I was recently researching static / serverless website hosting options for my current site and wanted to share my notes. I've always been an S3 kind of guy (many of my current projects, including Maru, use S3), so this guide will focus on options to get S3 set up with HTTPS.

Background: Why Go Static?

Static websites offer a number of key advantages over traditional dynamic websites:

  • They are more secure (there are fewer moving parts on the server-side)
  • They are fast because pages are pre-rendered (think compiled vs. interpreted languages) and they scale well (stateless systems like static files scale horizontally with no effort)
  • They are cheap to host (no application servers, databases, etc.)
  • They are simple (just deploy static files)

Of course, the downside is that not all apps are suitable for a purely static approach. But I would argue that even when you have a truly dynamic app, you can neatly separate the dynamic modules into backend APIs that can be called by client-site scripts shipped with your static frontend—so you still have a static part of your system that can benefit from the advantages above.

Basics

One more thing: before we start, so we're on the same page, let's break down the pieces we need to get a static website over HTTPS up and running:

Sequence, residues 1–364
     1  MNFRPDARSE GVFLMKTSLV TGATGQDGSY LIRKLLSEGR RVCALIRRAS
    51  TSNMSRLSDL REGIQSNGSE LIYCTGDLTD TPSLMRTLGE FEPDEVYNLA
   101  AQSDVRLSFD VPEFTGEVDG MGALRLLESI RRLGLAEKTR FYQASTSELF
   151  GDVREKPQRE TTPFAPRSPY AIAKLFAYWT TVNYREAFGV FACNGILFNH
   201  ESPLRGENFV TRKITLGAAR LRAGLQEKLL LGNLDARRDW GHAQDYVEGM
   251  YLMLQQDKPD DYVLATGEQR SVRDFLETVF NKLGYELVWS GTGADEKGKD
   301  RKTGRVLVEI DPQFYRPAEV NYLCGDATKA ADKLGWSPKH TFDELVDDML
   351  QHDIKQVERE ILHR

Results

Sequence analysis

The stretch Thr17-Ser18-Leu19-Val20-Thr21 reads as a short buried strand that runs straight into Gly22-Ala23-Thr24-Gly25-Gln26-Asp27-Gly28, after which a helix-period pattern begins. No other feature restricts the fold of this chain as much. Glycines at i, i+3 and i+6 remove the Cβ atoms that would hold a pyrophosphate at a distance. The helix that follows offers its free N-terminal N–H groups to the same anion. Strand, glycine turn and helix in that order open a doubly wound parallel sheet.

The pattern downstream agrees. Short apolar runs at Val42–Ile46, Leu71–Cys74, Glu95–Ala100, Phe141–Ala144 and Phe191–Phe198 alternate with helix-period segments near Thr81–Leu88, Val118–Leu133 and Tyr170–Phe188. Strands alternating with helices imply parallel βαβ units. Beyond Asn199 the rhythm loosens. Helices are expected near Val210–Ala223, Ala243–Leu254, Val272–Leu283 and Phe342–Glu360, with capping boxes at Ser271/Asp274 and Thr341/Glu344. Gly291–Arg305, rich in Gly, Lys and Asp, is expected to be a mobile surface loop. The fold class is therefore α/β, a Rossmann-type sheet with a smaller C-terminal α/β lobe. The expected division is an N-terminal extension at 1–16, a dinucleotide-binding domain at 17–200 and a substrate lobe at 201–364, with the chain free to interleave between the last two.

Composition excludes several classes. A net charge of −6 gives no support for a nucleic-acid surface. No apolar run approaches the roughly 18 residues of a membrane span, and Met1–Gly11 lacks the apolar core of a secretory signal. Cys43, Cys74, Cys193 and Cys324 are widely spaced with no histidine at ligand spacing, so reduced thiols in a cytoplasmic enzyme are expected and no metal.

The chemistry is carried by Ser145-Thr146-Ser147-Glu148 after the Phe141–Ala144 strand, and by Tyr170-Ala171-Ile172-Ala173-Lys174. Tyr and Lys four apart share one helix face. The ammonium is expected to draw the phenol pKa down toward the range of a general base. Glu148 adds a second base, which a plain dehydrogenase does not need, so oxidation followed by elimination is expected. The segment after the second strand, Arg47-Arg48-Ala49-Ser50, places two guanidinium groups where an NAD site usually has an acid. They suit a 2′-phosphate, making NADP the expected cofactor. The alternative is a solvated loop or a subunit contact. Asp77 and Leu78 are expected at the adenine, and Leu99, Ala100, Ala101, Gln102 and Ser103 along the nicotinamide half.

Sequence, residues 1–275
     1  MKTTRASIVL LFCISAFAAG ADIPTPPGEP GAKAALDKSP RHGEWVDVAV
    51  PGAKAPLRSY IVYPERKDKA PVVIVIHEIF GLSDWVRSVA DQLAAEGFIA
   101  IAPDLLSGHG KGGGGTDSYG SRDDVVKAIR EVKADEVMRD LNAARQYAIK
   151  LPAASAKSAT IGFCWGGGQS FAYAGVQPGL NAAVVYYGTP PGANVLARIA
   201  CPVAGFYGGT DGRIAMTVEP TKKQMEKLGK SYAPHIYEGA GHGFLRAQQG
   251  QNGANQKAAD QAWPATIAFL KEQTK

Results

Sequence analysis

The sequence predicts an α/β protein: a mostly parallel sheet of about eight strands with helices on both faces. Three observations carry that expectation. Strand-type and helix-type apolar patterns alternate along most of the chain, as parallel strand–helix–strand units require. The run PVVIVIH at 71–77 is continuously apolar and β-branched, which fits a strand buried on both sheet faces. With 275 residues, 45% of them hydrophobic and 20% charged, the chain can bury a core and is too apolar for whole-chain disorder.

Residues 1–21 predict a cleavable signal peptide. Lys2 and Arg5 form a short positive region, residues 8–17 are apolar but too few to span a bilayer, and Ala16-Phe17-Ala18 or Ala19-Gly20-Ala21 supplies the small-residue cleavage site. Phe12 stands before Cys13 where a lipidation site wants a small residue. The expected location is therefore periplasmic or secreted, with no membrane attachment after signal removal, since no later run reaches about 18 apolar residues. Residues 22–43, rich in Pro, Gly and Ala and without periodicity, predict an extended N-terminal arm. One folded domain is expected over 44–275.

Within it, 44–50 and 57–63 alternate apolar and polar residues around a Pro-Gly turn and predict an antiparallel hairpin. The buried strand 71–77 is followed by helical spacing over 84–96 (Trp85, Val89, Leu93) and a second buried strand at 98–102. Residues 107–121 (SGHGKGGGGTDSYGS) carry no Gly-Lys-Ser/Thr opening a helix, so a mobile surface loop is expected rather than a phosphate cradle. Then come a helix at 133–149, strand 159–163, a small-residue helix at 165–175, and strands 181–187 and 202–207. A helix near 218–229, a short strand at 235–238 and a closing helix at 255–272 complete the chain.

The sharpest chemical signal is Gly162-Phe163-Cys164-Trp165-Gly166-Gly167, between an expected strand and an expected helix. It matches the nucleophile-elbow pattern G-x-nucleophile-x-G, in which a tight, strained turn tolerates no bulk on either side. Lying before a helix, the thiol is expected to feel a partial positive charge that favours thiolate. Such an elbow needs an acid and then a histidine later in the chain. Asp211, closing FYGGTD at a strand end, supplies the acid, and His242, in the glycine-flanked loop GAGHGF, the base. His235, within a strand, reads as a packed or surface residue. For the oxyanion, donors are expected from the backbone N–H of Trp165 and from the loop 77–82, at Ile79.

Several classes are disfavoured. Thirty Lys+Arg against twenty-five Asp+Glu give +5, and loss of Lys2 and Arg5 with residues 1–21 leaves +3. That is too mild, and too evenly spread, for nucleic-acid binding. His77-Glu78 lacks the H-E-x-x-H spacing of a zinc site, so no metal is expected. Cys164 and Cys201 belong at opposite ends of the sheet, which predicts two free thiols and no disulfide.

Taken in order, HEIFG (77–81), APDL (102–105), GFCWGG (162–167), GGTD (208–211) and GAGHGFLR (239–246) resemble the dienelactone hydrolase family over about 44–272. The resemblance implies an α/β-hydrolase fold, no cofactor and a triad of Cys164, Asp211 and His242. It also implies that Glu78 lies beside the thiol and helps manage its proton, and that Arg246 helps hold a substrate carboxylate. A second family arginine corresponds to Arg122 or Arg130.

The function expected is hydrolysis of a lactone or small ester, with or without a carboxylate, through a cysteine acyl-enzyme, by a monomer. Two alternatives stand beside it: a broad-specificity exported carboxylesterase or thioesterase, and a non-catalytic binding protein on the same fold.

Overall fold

1. A domain name registrar for managing your custom domain
  2. A host for your content
  3. A certificate authority (CA) to issue your SSL/TLS certificate for HTTPS
  4. (optional) A content delivery network (CDN) to cache your content

We will focus on the host and CDN for this guide because—as you will see shortly—S3 is closely tied with Amazon CloudFront, AWS's CDN offering.

S3

.--------------.   
| viewer       |   
'--------------'   
             | HTTP
        .----|-.   
        | S3 x |   
        '------'   

You can't go wrong with the tried-and-true S3 bucket.

It's as simple as uploading your website content to an S3 bucket, marking your objects world-readable, and enabling static website hosting. S3 will act like your web server and serve your bucket content in response to HTTP requests.

The static bucket endpoints are a great option for quick prototypes, and you can easily use a custom domain by creating a CNAME record in your DNS setup that points to your static bucket endpoint.

One big problem though: a pure S3 approach does not support HTTPS; for that, we need to throw in Amazon CloudFront.

S3 + CloudFront

.--------------.    
| viewer       |    
'--------------'    
             | HTTPS
.------------|-.    
| CloudFront | |    
'--------------'    
             | HTTPS
        .----|-.    
        | S3 x |    
        '------'    

You can use Amazon's CloudFront CDN in front of your S3 bucket to enable HTTPS. You will need to upload a SSL/TLS certificate from your CA of choice [1]. This is the way to go for hosting a static website out of S3 securely.

As mentioned previously, S3 does not support HTTPS when configured as a simple static bucket endpoint, so you'll need to turn off static website hosting to enforce HTTPS to your origin S3 bucket.

There are some nuances to be aware of when you take this approach. Since CloudFront sits in between the viewer and your S3 bucket, there are two SSL/TLS negotiations that have to happen with this stack: